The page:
South Carolina’s first black-owned bank remembered with new Columbia historical marker

Victory Savings, the bank that became SC Community Bank in 1999, was the first in South Carolina to be owned by black people, and its location was commemorated Monday with the unveiling of a new historic marker by Columbia SC 63 and Historic Columbia.

“The story of Victory Savings is one of enormous struggle, defiance, and service,” said Bobby Donaldson, associate professor of history at the University of South Carolina and lead historian with Columbia SC 63.

The new Victory Savings Bank marker (photo provided)

(L-R) Columbia City Councilman Brian DeQuincey Newman, SC Community Bank President & CEO Tom Felder, and former Victory Savings Bank board members Martha Cunningham Monteith and Franchot Brown at the unveiling of the new Victory Savings Bank historical marker Monday (photo provided).

Chartered by I.J. Joseph, I.S. Leevy and C.E. Stephenson, the bank originally opened in 1921 at 1107 Washington St. in the heart of Columbia’s black business district before moving to 919 Washington St. in 1955.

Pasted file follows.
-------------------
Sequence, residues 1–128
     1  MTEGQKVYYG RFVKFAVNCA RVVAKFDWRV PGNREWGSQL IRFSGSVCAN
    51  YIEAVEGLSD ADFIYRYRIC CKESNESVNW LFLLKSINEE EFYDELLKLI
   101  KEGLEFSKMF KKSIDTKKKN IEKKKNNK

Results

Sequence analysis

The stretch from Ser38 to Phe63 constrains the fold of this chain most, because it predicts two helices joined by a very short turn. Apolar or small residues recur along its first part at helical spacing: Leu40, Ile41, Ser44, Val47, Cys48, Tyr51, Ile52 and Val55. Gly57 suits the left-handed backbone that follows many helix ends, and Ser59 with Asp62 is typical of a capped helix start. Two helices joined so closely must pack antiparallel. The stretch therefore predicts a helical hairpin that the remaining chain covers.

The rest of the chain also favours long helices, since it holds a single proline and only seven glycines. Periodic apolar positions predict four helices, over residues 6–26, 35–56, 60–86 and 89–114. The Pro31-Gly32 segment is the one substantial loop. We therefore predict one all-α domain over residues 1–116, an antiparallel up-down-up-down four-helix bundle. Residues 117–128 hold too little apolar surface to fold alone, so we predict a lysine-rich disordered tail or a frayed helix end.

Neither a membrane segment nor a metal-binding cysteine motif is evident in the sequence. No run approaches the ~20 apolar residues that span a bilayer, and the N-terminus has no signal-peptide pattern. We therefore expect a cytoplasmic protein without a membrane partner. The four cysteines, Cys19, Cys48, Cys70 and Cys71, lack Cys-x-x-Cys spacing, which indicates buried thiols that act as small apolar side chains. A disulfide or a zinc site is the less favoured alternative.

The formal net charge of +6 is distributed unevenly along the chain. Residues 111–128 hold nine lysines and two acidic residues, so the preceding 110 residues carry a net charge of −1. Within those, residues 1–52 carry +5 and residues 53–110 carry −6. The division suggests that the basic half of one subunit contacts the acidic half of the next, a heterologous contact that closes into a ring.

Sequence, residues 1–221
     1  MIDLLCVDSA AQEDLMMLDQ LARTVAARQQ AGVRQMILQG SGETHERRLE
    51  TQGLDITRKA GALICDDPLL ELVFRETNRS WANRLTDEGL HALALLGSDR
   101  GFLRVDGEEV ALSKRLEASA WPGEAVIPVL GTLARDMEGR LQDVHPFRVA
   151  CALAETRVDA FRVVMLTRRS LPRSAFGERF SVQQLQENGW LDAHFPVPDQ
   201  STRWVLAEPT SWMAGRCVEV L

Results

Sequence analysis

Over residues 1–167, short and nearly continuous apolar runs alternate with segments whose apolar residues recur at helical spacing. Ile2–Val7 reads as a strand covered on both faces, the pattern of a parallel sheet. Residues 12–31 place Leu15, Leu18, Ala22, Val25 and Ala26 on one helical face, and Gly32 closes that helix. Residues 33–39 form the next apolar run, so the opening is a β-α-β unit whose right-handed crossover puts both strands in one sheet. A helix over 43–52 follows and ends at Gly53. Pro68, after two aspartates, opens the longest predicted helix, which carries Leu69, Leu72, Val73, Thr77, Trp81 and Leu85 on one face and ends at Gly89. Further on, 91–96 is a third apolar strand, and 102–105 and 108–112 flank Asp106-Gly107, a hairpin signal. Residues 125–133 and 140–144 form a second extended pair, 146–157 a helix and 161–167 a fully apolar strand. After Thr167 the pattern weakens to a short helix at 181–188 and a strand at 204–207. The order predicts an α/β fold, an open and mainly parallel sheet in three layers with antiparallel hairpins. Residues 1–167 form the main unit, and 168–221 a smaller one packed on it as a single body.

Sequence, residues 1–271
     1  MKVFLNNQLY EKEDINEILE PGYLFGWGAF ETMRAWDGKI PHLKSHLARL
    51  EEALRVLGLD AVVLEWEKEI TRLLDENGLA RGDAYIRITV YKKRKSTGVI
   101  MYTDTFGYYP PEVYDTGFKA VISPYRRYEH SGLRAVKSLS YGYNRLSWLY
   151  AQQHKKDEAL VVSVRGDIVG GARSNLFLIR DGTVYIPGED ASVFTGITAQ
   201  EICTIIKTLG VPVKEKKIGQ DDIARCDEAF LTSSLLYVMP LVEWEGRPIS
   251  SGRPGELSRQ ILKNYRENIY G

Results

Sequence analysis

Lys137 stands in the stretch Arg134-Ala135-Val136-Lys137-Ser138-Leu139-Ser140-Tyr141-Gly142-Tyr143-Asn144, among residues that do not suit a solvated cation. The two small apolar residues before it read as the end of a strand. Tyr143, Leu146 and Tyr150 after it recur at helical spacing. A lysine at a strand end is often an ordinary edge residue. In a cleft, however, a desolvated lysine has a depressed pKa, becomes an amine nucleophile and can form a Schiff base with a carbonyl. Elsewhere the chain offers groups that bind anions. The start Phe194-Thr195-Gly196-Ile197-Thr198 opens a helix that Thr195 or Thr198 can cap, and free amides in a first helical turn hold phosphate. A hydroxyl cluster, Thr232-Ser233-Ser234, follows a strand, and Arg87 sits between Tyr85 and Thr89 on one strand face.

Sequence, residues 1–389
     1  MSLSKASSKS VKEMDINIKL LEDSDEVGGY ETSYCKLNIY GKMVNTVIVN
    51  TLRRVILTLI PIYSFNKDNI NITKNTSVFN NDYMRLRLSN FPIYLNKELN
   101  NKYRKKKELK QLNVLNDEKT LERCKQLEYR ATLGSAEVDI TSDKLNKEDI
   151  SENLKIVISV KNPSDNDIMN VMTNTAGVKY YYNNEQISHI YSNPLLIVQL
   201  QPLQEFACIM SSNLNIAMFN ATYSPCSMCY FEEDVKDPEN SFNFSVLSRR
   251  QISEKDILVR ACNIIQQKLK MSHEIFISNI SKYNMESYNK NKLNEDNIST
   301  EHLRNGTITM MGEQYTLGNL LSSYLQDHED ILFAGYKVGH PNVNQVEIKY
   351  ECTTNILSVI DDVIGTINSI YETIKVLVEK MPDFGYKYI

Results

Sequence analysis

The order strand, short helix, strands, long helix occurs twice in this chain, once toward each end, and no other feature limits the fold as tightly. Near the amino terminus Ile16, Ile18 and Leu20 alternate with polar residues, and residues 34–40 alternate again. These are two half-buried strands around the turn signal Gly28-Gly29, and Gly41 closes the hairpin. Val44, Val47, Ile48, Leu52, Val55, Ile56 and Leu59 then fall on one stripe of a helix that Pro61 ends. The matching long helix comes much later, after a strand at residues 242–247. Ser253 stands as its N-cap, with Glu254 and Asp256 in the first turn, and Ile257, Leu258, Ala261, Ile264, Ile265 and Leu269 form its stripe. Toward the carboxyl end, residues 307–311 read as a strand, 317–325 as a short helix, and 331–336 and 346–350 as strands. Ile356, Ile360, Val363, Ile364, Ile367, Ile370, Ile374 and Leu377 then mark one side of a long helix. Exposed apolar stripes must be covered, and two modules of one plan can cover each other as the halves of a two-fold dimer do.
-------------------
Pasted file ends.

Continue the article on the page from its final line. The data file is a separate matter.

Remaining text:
Civil rights leader Modjeska Monteith Simkins held various positions at Victory Savings Bank.

“It’s important we as a city, state and nation never forget those who came before us much like the individuals who laid the foundations for establishments like Victory Savings Bank,” said Columbia Mayor Steve Benjamin. “Their bravery, unwavering focus and fight for equality allows us today to go fully in any direction we desire and for that, we thank them.”





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